Tanzanian troops today entered downtown Kampala, according to resident and diplomats in the Ugandan capital.
Reached by telephone communication from here, they said Tanzanian troops were touring the city calling on the remaining Ugandan troops still there to surrender.
The radio station, post office and "all Kampala" was taken over by 9 a.m. today, according to a revolutionary identifying himself as Abdul Hassen, speaking from Radio Uganda. "It's liberation, it's liberation-the people are very happy."
Early reports indicated the Tanzanian-led assault met little final resistance.
The liberation will go to Jinga," Abdul Hassen said, alluding to a city 40 miles farther east where President Idi Amin and the remnants of his army may yet make a final stand.
Late last night the invading force had converged on Kampala from as many as a half dozen directions, leaving only the Jinga road open to allow Ugandan army stragglers an escape route.
Amin's whereabouts were not known today. But exile sources in Nairobi claimed their agents had spotted him in a five-car convoy headed toward Jinja in midafternoon on Tuesday.
Diplomatic sources in Kampala said they counted more than 300 shells in the first 90 minutes of Tuesday's artilery and rocket barrage, slamming into downtown Nakasero areas as well as the upper class Kololo residential district and Makerere University in the northwest. Thereafter shelling reportedly was sporadic.
By nightfall, usually reliable sources placed Tanzanian infantry columns anywhere from five to seven miles from the city center along all approaches except the Jinja Road, purposely left open to allow the Ugandan forces to retreat and thus avoid street fighting in the capital.
The Tanzanian decision to heavily shell central Kampala for the first time represented a significant change in strategy since even in recent days they had spared the capital all but sporadic rounds.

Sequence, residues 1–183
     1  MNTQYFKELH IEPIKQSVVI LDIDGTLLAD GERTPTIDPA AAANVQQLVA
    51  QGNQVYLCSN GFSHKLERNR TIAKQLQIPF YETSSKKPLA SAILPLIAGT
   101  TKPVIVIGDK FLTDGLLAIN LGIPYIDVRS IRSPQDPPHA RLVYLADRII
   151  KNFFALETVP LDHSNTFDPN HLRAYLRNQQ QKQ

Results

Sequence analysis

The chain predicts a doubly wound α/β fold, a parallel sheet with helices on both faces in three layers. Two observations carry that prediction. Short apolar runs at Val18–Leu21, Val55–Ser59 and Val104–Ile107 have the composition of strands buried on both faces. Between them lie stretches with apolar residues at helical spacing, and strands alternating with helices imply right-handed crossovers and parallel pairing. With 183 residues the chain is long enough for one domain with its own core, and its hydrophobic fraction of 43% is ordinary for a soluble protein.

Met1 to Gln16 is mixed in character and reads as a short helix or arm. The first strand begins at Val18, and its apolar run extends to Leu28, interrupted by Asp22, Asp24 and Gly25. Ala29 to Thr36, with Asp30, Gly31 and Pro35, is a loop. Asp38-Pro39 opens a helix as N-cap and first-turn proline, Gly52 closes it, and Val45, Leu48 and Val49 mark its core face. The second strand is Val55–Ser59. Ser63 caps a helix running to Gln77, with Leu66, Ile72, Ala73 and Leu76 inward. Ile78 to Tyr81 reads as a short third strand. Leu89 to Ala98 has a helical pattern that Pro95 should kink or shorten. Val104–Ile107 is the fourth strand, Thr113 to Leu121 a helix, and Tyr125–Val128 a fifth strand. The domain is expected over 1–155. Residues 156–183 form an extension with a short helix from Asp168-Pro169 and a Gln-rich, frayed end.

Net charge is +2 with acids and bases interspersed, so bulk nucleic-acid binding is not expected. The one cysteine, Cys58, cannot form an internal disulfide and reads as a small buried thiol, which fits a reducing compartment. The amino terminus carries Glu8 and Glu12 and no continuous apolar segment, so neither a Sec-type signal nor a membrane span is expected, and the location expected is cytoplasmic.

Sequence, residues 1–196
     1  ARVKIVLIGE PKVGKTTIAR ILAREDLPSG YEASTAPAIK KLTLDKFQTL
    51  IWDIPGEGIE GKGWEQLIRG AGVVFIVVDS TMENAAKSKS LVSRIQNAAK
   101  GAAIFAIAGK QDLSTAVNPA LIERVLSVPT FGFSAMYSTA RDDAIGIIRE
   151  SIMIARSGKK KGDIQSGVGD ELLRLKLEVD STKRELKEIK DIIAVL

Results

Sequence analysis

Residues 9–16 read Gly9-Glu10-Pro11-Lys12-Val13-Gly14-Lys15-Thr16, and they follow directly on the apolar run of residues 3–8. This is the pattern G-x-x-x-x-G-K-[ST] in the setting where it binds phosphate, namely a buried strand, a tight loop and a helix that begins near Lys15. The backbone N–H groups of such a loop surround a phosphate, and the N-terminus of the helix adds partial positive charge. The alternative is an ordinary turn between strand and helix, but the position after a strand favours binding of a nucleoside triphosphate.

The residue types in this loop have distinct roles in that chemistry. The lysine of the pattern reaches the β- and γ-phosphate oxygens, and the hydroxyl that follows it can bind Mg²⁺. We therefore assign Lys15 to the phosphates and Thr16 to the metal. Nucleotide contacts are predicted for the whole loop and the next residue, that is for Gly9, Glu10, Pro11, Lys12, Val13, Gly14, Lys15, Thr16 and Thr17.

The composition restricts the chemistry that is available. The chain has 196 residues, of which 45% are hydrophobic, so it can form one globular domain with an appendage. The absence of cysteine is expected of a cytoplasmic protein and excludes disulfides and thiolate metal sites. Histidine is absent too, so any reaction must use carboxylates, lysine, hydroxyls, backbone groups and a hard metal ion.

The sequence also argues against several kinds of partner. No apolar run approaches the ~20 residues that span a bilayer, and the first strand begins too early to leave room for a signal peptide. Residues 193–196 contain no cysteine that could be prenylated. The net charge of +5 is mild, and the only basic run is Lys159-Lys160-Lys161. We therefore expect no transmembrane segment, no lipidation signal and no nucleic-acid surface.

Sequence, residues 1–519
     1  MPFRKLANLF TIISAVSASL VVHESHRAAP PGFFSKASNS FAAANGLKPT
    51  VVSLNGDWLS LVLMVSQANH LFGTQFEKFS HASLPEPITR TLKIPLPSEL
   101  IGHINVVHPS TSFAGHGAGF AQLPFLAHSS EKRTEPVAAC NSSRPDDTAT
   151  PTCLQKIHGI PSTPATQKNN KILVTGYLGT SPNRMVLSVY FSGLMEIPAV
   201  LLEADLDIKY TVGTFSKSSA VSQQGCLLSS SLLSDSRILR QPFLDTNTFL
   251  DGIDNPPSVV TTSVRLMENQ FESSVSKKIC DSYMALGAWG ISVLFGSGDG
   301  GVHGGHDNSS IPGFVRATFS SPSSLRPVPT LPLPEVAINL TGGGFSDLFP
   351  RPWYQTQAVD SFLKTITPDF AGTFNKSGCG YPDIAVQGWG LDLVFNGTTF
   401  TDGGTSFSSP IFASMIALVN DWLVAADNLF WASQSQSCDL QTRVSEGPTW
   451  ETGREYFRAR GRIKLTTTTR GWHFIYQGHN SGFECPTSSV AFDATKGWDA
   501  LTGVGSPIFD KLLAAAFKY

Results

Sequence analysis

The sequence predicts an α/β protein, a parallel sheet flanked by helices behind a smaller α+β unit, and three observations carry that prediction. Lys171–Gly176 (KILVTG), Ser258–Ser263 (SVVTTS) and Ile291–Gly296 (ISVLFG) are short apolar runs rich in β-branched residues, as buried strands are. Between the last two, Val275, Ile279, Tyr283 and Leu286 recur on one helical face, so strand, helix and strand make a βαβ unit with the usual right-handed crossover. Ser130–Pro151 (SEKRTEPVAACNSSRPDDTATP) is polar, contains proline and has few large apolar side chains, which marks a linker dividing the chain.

Reports of casualties and damage were sketchy.
A shell reportedly landed in a mission school and blew out many windows, but caused no casualties among students and nuns.
Also reported damaged were the 10 story Standard Bank building, the Mulago Hospital and Amin's temporary command post on Nakasero Hill.
Other rounds reportedly landed in a British doctor's garden and in a judge's home on Kololo Hill.
Residents reported parts of the city were without power or water. People who have not fled Kampala have complained for weeks of ever dwindling supplies of food and petroleum products.
All shops reportedly were closed.
Radio Uganda came on the air a quarter hour late Tuesday morning. It broadcast intermittently, but only music. Most unusually it omitted both news bulletins and commentary.
Incongruously, the music included such songs as "Mack the Knife," "Mrs. Robinson" and old favorites by Tennessee Ernie Ford.
In late afternoon, a professor at Makerere University told callers he had just shaken hands with Tanzanian infantry troops at the agricultural faculty's farm. He estimated that in normal times that was about 10 minutes' drive from the city center.
Barring unforeseen developments, the invading forces are expected to move into the city center Wednesday morning.
Whether or not they pursue the remnants of Amin's force remained to be seen. The Tanzanian-led invading force so far has shown no disposition to deal knock-out blows to a harried and retreating adversary. CAPTION: Map, no caption, By Richard Furno-The Washington Post